Referring now to the drawings in detail, FIG. 1 illustrates a sports racket 10 composed of a frame including a handle 11 and an open-faced racket head 12. A network of stringing 13 is strung across the face of the racket head 12. A throat member or yoke 14, such as described in U.S. Pat. No. 3,958,805 and assigned to the assignee of the present invention, is formed at the portion of the racket where the head 12 meets the handle 11. A grip 15 circumscribes part of the handle on the end opposite the head.
Stringholes 20, as shown in FIG. 2, are formed in the racket head 12 normal to the axial length of the racket frame. A string groove 21 is generally provided in the head in order to recess the stringing 13 which is laced through the stringholes 20 and thereby protect the stringing from racket impacts with the playing court and the like. The stringing 13 is normally strung with a continuous length of string in each direction and is secured by tying a knot at the end of the stringing. The stringholes 20 may be lined with a grommet (not shown) made from nylon or another soft material to protect the string from edge abrasion at the stringholes.
As is shown schematically in FIG. 3, the head 12 is essentially formed from a hollow tubular assembly composed of an outer layer 30, an intermediate layer 31 and an inner layer 32 of resin impregnated fibrous tows surrounding an internal hollow 33. The term "tow" as used in the specification and claims is meant to connote a twistless multifilament strand of continuous fibers which, except where qualified, has been pre-impregnated with a resin, preferably an epoxy. It should be understood, moreover, that the separate layers 30, 31, 32 are molded (as is described hereinafter) into an integral composite to form a finished sports racket frame, and that the initial separate layers are not generally discernible within the finished frame.
In the preferred embodiment, the outer layer 30 and inner layer 32 each includes a plurality of tows intertwined into a braided tube of sufficient length to incorporate the entire frame, that is, both the handle 11 and the head 12 of the sports racket. The intermediate layer 31 is composed of a continuous tow that has been circumferentially or spirally wrapped between the adjacent layers 30, 32 over part of the outside perimeter of the inner layer 32 and within the inside perimeter of the outer layer. In alternate embodiments, the intermediate layer may contain a plurality of tows. This structural arrangement results in a considerable increase in strength around the stringholes 20, and improved resistance to crack development and propagation therebetween. The braided tubes inherently exhibit torsional stiffness.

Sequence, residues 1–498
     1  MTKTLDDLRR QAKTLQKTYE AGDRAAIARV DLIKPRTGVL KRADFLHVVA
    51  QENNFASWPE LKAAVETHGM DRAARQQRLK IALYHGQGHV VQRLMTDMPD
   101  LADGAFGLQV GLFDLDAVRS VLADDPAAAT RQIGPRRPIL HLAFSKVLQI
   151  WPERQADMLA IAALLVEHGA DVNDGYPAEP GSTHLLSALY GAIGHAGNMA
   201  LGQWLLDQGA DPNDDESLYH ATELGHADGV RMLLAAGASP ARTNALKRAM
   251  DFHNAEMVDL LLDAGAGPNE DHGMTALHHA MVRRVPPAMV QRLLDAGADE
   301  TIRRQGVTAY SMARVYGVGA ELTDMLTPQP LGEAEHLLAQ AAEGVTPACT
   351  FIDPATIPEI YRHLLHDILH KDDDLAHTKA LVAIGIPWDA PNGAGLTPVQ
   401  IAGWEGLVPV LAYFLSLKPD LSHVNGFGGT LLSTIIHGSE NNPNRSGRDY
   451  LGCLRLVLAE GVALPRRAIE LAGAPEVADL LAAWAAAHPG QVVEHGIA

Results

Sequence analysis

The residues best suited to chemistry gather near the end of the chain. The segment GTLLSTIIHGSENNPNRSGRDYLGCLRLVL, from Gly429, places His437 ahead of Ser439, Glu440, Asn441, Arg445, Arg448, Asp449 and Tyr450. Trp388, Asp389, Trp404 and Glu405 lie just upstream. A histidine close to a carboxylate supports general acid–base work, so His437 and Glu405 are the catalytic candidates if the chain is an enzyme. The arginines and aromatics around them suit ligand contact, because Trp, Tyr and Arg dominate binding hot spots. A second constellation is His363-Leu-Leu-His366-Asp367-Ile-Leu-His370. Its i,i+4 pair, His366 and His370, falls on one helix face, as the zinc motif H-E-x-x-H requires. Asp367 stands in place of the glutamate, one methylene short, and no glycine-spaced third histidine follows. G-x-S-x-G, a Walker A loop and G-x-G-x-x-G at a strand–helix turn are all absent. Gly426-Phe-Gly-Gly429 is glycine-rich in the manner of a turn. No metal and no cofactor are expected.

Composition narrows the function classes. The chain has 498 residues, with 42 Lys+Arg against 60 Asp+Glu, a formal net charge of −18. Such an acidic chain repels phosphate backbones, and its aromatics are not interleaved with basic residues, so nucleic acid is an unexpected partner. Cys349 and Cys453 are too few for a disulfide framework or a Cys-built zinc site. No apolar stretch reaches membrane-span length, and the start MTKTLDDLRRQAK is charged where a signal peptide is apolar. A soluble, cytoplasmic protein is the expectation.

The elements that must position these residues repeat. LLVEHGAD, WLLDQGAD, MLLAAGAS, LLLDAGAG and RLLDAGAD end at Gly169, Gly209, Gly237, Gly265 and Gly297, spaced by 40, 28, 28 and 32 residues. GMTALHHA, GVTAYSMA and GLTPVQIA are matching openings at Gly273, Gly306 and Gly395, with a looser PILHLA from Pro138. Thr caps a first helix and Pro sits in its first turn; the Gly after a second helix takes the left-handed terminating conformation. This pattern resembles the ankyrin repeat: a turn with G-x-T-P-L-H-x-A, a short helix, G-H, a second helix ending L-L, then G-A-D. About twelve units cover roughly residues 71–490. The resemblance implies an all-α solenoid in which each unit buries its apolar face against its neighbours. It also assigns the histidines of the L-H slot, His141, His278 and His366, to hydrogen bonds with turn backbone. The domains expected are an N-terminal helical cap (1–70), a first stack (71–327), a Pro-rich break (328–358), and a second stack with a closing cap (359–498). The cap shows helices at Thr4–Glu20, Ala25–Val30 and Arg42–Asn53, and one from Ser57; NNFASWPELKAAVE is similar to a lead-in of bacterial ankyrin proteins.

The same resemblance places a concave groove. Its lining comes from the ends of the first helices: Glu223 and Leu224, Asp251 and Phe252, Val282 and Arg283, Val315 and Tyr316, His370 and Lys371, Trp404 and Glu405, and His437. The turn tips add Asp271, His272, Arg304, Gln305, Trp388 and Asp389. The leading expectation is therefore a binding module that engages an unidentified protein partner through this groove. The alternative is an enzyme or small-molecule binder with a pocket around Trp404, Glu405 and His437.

In the preferred embodiment the handle 11 is formed without the intermediate layer. An intermediate layer of unidirectional fiber strands may be formed in the handle 11, oriented parallel to the longitudinal axis between the braided inner and outer layers, to increase its bending stiffness and compressive load capacity. The unidirectional strands can be evenly distributed around the perimeter of inner braid or concentrated, for example at diametrically opposite positions to increase bending stiffness in a particular plane.
The hollow 33 (FIG. 3) may be filled with a suitable foam core. Tests conducted by pulling the stringing through two holes indicate, however, that a foam core does not have any significant influence in arresting cracks between stringholes once developed.
In the preferred embodiment of the invention, the braid in the braided layers is disposed at an angle in the range of twenty degrees to forty degrees relative to the lengthwise axis of the racket.
Tows consisting of two strands of 6000 graphite fiberspre-impregnated with epoxy resin with individual fiber diameter of eight microns and an overall tow width of 0.1 inches have been successfully utilized in fabricating sports rackets exhibiting improved strength and resistance to head stringhole cracking. The outer layer of braid was typically formed by braiding thirty-six tows into a tubular structure and the inner layer was formed by braiding thirty to thirty-six tows, depending upon the desired racket construction. The intermediate layer within the head has been formed with satisfactory results within a range of eight to ten circumferential wraps per inch of length. In other embodiments, glass fiber tows or tows of an aramid fiber, such as is sold under the trademark KEVLAR, or combinations of graphite and/or glass and/or aramid fiber tows may be utilized. It is preferred, but not essential, to achieve a fiber to resin ratio in the finished sports racket of 60 to 65 weight percent for graphite fiber reinforced tennis rackets, and of 68 to 72 weight percent for glass reinforced tennis rackets.
The sports racket of the invention may be produced as follows. A first length of braided tube, composed of a plurality of intertwined tows, which is slightly longer than the developed length of the racket frame, is pulled over a rod. This tube will constitute the inner layer. A tow is then circumferentially or spirally wound over the length of the braided tube that will be included within the head of the racket frame. The ends of the wound tow may be fixed to the inner braid with a point heat source, for example, by fusing with a soldering iron. The circumferentially wrapped tow constitutes the intermediate layer. A second tubular length of braided tow, having the same length as the first, is pulled over the first braided tube and the surrounding wrap. The second tube constitutes the outer layer. The rod is removed from the assembly and an inflatable bladder is inserted within the resulting hollow.